Jewish Meditation

Introduction to Jewish Meditation – Part 28

Six Ascending Levels of Holiness

Our sages speak of ten ascending levels of holiness that God created in the world. They begin with the holiness of the Land of Israel and ascend to the holiness of the innermost chamber of the Temple, the holy of holies. Of the ten, six stand out in particular (and may be considered as an integral unity of six ascending levels of holiness):

  1. the Land of Israel
  2. the walled cities of Israel
  3. the city of Jerusalem
  4. the Temple mount
  5. the Temple
  6. the Holy of Holies

In meditation, we may picture ourselves as ascending from level to level. These six levels themselves correspond to the six continuous commandments of the Torah. We ascend to the apex of consciousness of the Divine Space encompassing us, stand in a selfless state of prayer in the Holy of Holies (as the High priest onYom Kippur), and then turn to experience our consciousness expanding to encompass the entire land of Israel and the entire universe:

1. The Jewish People was commanded, upon entering the Land of Israel, to first purify it from all idolatry. This is the purification of the very ground of the land of Israel, the direction of below, corresponding to the second of the Ten Commandments.

2. The walled cities of Israel are those settlements physically protected from foreign invasion. In the soul, this corresponds to the consciousness of the commandment to shield one’s mind from foreign, negative thoughts.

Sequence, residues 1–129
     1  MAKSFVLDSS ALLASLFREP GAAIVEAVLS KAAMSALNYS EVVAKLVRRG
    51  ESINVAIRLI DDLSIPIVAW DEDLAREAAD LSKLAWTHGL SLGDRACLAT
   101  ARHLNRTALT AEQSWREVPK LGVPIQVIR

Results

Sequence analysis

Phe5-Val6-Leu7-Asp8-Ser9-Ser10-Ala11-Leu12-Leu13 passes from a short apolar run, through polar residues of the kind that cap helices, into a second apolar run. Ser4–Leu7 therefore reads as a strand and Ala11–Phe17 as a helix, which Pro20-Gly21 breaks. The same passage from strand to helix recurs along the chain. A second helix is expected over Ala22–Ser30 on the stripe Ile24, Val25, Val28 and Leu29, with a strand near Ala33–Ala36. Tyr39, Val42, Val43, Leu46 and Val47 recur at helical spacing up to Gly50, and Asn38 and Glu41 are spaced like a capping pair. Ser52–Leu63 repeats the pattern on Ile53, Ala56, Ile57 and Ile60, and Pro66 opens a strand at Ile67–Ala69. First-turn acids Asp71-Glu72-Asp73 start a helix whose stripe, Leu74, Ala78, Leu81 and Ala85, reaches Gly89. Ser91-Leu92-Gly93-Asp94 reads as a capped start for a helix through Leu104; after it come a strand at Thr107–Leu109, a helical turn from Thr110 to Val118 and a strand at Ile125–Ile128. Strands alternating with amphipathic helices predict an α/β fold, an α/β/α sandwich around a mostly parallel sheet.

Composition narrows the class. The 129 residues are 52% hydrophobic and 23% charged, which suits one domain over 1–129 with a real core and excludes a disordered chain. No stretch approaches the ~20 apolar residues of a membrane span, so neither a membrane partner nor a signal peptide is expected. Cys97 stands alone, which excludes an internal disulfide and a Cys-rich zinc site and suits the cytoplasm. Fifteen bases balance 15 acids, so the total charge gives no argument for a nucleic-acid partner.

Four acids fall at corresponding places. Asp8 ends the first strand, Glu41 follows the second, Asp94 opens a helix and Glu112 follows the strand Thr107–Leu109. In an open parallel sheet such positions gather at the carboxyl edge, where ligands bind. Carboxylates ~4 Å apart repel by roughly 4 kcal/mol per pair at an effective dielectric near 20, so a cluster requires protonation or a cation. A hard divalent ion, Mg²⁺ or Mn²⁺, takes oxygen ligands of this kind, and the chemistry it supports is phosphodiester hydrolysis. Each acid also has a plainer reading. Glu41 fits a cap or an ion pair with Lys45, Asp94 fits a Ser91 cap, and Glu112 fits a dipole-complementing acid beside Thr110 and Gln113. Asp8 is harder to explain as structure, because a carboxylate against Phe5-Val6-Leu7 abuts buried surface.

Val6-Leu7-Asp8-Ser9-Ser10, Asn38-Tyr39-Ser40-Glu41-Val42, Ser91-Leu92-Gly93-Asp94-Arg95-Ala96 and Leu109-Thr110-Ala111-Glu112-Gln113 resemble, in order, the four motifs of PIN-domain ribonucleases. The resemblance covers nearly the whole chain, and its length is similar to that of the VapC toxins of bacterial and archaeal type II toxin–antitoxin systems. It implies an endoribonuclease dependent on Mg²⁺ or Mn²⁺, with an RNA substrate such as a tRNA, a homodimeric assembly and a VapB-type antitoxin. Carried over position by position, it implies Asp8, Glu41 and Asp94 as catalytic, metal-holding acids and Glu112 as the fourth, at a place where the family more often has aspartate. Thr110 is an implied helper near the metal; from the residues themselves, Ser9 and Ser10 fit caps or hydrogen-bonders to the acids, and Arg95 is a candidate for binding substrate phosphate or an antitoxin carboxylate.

3. In Kabbalah and Chassidut, the name "Jerusalem" is read "consummate fear/awe" (sheleimut hayirah). Malchizedek had previously called the city Shalem, "complete"; Abraham called it yirah, "awe." Jerusalem is a composite of the two, with "awe" preceding "complete." This clearly corresponds to the commandment to fear God.

4. Abraham asked God for the Temple mount and referred to the Temple-to-be as "mountain." In Kabbalah andChassidut, "mountain" symbolizes great love, the Divine attribute personified by Abraham. This, then, alludes to the commandment to love God.

5. Jacob called the Temple-to-be "house," and this is its name forever. Inside the Temple, the Jewish soul experiences the absolute unity of God. One reaches the level of consciousness associated with the soul of Jacob-Israel, the commandment to unify God: "Hear, O' Israel, God is our God; God is one."

6. In the Holy of Holies, God's very essence is revealed. Above even His Name Havayah–which we unify with His Name Elokim in proclaiming "Hear, O' Israel, God is our God; God is one"–is His very essence, expressed in the first word of the Ten Commandments–"I [am]" (above "God, your God," as explained above). Here, the kernel essence of the first commandment–grasped in the simple, perfect faith of every (simple) Jew–transcends even the (relatively intellectually oriented) consciousness of the commandment "Hear [i.e., 'understand'], O' Israel…."

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